"First of all, 602 connection attempts were to 192.168.1.255, using UDP port 137. That's the broadcast address where Windows computers on a local network announce their presence and look for other network computers using the NetBIOS Name Service. It's perfectly normal traffic.
Another 630 of those connection attempts were Domain Name System lookups to the router itself, 192.168.1.1, using UDP port 53. That address is the router itself.
Why is Windows performing those DNS lookups? One big reason is that's how Windows checks whether you have access to the Internet. If there's a problem with your Internet connection, you get a yellow overlay on the network icon down at the right side of the taskbar.
To do that test, Windows first performs a DNS lookup of www.msftncsi.com. It then makes an HTTP request to retrieve the page ncsi.txt from that site. This file is a plain-text file and contains only the text "Microsoft NCSI." (NCSI stands for Network Connection Status Icon.) Finally, it performs a DNS query for dns.msftncsi.com.
The whole procedure is extensively documented .
DNS queries aren't "spying." Neither are NetBIOS name broadcasts on your local network. So far, that's 22.3 percent of the so-called traffic that's easily accounted for as "not spying," unless you think there's something sinister about a two-word text file that has been downloaded trillions of times from that poor Microsoft server.
Next up is a staggering 1,619 connection attempts using UDP port 3544 to the address 126.96.36.199, which Mr. Crust was unable to identify, along with another five attempts using the same port to other servers.
That address does indeed belong to Microsoft. It's a Teredo server, teredo.ipv6.microsoft.com. Teredo is an Internet standard that is used to supply an IPv6 address to a PC that speaks only IPv4, making it easier to perform secure and reliable communication between two endpoints without having to worry about network translation. It's also well documented and doesn't involve any exchange of information other than IP addresses.
In short, Windows keeps trying to make a simple connection using its IPv6 capabilities, but the router keeps dropping those connection attempts. So it keeps trying again and again.
That's another 1,624 entries we can add to the "not spying" list. So far, by my tally, more than 52 percent of the connection attempts are completely harmless and involve no data collection at all.
Another three connection attempts are using port 123. That's the Network Time Protocol, which devices use to retrieve the current time from authoritative servers on the Internet. Setting the clock on your computer is not "spying."
Mr. Crust's list has another 549 connection attempts on port 80, which is plain old HTTP. Windows doesn't have a web server installed by default, so those are all incoming connections, with Windows trying to retrieve data from Microsoft's servers. They're not sending it the other direction.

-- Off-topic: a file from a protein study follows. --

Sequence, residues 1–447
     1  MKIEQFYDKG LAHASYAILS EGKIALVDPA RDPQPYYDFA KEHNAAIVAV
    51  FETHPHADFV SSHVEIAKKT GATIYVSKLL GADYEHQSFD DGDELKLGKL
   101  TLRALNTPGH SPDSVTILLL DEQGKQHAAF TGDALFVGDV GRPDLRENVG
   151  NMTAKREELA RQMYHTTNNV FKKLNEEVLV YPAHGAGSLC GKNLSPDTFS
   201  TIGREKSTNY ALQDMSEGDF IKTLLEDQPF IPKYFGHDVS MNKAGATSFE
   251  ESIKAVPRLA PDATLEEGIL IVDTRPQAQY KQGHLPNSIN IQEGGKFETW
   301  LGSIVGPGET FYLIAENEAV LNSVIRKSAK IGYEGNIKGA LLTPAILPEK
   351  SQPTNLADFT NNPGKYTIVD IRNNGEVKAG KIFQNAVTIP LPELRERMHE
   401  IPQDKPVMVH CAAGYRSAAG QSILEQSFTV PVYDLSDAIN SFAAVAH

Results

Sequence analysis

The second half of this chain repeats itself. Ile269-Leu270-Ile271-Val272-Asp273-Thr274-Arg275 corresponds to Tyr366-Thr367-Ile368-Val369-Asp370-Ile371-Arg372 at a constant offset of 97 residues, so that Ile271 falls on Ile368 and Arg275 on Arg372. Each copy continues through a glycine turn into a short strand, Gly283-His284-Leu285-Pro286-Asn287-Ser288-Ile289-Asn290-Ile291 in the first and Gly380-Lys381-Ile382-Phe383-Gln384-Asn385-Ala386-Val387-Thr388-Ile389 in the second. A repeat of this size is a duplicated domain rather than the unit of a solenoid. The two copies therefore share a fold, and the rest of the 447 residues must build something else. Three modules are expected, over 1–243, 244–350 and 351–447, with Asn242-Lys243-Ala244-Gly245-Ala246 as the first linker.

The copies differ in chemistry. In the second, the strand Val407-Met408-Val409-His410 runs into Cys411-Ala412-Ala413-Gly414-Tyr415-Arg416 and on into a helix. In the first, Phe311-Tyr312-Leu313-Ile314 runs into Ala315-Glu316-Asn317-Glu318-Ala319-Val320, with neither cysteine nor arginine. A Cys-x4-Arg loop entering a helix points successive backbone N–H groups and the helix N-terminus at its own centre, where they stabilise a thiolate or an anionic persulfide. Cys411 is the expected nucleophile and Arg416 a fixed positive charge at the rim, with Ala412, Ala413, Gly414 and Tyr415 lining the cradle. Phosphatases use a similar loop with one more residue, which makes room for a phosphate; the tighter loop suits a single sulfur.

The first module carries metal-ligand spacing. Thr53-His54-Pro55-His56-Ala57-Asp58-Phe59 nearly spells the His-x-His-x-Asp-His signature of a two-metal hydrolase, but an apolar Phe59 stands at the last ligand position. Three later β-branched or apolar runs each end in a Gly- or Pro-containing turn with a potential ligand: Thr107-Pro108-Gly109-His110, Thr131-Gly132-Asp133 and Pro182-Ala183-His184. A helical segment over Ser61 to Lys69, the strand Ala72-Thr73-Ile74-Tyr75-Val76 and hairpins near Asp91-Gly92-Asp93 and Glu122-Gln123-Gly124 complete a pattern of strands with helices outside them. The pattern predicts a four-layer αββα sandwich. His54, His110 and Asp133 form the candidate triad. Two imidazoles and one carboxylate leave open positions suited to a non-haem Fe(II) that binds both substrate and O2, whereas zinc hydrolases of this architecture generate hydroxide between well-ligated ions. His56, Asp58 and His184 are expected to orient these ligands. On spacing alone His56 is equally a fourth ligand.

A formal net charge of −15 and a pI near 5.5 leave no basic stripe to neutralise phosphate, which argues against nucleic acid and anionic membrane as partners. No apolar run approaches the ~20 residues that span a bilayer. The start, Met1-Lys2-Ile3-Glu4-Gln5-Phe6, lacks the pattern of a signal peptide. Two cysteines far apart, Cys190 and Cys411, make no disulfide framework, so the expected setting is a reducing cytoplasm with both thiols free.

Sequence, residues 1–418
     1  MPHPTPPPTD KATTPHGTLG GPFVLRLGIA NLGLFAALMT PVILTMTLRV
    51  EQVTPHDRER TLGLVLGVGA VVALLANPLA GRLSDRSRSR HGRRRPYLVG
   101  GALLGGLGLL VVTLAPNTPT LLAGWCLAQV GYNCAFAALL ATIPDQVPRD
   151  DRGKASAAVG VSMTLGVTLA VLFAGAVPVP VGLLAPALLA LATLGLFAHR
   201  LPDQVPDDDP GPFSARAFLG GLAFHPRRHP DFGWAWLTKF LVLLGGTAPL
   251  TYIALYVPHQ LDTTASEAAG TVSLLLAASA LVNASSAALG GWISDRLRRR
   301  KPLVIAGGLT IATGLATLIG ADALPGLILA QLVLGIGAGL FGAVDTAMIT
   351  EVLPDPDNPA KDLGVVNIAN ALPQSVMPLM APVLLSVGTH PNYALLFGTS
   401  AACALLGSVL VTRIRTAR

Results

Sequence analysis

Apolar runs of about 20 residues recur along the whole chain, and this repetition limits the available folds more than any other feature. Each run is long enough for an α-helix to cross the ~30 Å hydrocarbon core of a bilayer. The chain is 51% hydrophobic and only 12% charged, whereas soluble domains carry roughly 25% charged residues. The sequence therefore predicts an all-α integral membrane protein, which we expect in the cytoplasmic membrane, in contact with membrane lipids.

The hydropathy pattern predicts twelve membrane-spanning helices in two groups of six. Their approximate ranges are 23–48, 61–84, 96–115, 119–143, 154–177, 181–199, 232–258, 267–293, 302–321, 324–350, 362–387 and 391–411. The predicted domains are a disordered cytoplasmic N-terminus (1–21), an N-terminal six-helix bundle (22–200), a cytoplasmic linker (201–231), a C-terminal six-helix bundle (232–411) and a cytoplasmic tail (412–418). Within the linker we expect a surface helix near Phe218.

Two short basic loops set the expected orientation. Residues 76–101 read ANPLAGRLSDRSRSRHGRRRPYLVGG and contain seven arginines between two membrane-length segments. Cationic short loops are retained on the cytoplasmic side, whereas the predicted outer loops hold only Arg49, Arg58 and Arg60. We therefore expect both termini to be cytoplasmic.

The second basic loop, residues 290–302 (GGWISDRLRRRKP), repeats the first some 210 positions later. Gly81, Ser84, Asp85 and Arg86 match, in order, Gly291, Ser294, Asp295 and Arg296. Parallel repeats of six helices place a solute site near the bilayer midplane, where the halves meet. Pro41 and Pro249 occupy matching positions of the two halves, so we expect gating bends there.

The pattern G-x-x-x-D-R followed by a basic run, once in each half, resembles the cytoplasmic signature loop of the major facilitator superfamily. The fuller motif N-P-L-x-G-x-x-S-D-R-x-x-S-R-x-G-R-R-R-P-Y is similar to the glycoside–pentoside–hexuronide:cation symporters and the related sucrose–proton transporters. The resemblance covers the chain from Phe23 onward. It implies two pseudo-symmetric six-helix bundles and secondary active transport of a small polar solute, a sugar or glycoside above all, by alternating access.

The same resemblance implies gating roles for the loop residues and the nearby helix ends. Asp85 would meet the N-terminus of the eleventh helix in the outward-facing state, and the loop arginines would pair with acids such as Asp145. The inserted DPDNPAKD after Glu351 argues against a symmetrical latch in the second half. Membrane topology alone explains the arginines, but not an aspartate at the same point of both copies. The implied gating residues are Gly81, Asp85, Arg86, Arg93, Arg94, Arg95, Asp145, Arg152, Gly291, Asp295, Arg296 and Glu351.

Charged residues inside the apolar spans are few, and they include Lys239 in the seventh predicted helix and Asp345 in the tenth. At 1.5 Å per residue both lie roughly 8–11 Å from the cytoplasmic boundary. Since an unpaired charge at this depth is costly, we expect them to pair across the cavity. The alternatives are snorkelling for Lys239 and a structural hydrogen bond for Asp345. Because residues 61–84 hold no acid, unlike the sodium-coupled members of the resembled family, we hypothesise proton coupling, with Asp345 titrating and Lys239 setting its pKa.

Many of the addresses on the list belong to content delivery networks (CDNs) like Akamai Technologies and CloudFlare. Some of those downloads are possibly trying to refresh live tiles in the provisioned MSN apps (News, Sports, Weather, Money, and so on). There are perhaps some updates to the Windows Store in there too.
We might know more if Mr. Crust had allowed his machine to complete some of those connections so he could perform some actual traffic analysis. But he didn't, so we can't.
We can, however, safely conclude that none of those connections would involve any "spying."
Which leaves us with 2,100 connection attempts in eight hours over port 443. Those are secure (HTTPS) connections designed to exchange data so that it can't be intercepted in transit.
We have no idea how many secure connections that machine would have made in eight hours had Mr. Crust actually allowed them to complete. The number would almost certainly have been smaller, perhaps by an order of magnitude or even two.
And of course, those connections are not all about telemetry.
The most important one is the Software Licensing Service, which checks the state of Windows activation periodically. By dropping those connections, Mr. Crust is not allowing those activation and validation checks to complete. Windows gets very cranky when that happens, which could explain why there were more than 1,700 connection attempts to a handful of addresses in a single range of IP addresses managed by Microsoft.
Other content that gets delivered securely over port 443 includes Windows updates, Windows Defender updates, and updates from the Windows Store for apps that are provisioned on every Windows 10 machine. Windows 10 attempts to contact OneDrive, also securely, to see if there are any saved settings for the current user. There are lists of known malicious websites that get delivered to the SmartScreen service in a hashed and encrypted format.
And yes, there is certainly some telemetry data in there. We have no idea whether Mr. Crust changed the default Diagnostic and Usage settings to Basic. If he had, there would probably be a single ping to Microsoft's servers when the machine starts up, which would disclose what that setting was, whether Windows Defender was up to date, and whether his installation had experienced any failures in software or driver installation.
If he had kept the Enhanced or Full settings, Windows would periodically deliver a batch of anonymized usage data to Microsoft. (Of course, since he wasn't actually using the machine, there would be no data to exchange.) But we don't know, because Mr. Crust didn't actually do any traffic analysis."
Windows 10 sends questionable information to MS, which is mainly used to create marketing profile for user, but Forbes' article is just plainly wrongly and write somebody that don't seem to know what they are talking about, and in my opinion it does more damage than good as it is so easy to show that it is just hogwash.